- In a business-as-usual future climate scenario, higher carbon emissions increase physical risk from more severe climate events and adverse trends but reduce severe transition risk. In contrast, in a quick transition to a low-carbon economy, reductions in carbon emissions reduce physical risk but can produce more transition risk from significant changes in climate policy and technology.
- As a concrete example, real estate assets have potential exposure to a wide variety of climate hazards, such as storm surges, wildfires, hurricanes, rising sea levels, and increased flood risk. They may also be exposed to climate-related policy shifts, say, in building codes and insurance rules. As a result, financial institutions face potential climate-related credit/collateral losses, real estate asset price declines, and operational risks. The opacity, uncertainty, and potential nonlinearity of these climate-related losses could lead to sudden climate-related shifts in investor perceptions and abrupt repricing of financial assets such as real estate loans and mortgage-backed securities.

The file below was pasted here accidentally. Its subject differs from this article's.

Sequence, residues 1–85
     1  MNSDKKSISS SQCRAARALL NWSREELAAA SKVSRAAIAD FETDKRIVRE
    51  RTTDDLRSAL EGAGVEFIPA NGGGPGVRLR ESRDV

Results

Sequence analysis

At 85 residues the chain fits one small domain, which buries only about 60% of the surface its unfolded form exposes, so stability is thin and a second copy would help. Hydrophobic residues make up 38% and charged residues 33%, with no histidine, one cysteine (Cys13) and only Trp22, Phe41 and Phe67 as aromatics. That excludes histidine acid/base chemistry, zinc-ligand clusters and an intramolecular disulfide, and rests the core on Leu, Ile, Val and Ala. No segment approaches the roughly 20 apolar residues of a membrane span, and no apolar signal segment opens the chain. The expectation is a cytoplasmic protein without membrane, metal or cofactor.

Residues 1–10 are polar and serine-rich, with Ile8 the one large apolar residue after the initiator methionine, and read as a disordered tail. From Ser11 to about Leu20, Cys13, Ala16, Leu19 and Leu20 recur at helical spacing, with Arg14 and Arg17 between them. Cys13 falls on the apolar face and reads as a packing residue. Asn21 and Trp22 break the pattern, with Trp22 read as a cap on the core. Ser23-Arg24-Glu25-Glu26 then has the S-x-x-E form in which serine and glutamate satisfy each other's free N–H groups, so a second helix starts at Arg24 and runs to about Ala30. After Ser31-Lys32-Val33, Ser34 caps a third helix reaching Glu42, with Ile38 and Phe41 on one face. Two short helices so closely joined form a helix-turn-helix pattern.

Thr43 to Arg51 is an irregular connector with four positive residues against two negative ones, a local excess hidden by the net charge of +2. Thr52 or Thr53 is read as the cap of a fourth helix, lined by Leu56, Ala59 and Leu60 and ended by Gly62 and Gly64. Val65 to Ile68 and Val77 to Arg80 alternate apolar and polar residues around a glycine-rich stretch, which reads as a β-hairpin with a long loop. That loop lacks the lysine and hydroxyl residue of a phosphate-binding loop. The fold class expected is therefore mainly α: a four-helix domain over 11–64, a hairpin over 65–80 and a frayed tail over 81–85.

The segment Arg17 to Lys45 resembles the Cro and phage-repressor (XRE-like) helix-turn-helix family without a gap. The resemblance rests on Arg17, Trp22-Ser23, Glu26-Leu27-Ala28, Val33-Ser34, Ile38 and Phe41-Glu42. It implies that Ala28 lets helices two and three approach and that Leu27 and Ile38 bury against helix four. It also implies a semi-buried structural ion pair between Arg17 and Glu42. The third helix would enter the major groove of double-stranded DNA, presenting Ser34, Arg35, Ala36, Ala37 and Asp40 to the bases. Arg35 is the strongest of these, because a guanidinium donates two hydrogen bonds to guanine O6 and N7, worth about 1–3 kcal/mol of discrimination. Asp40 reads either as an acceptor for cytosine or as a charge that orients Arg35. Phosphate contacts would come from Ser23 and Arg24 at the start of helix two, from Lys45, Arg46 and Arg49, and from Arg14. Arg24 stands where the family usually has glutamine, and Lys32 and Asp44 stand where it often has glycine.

- Last month, the Federal Reserve published two reports—a Supervision and Regulation Report and a Financial Stability Report—that provided a two-prong official acknowledgement of the importance of climate risk for financial supervision. First, Federal Reserve supervisors expect individual financial institutions to “appropriately identify, measure, control, and monitor all of their material risks, which for many banks are likely to extend to climate risks.” Second, at a macroprudential level, the Federal Reserve “will monitor and assess the financial system for vulnerabilities related to climate change through its financial stability framework.”
The views expressed are those of the author, with input from the forecasting staff of the Federal Reserve Bank of San Francisco. They are not intended to represent the views of others within the Bank or within the Federal Reserve System. FedViews appears eight times a year, generally around the middle of the month. Please send editorial comments to Research Library.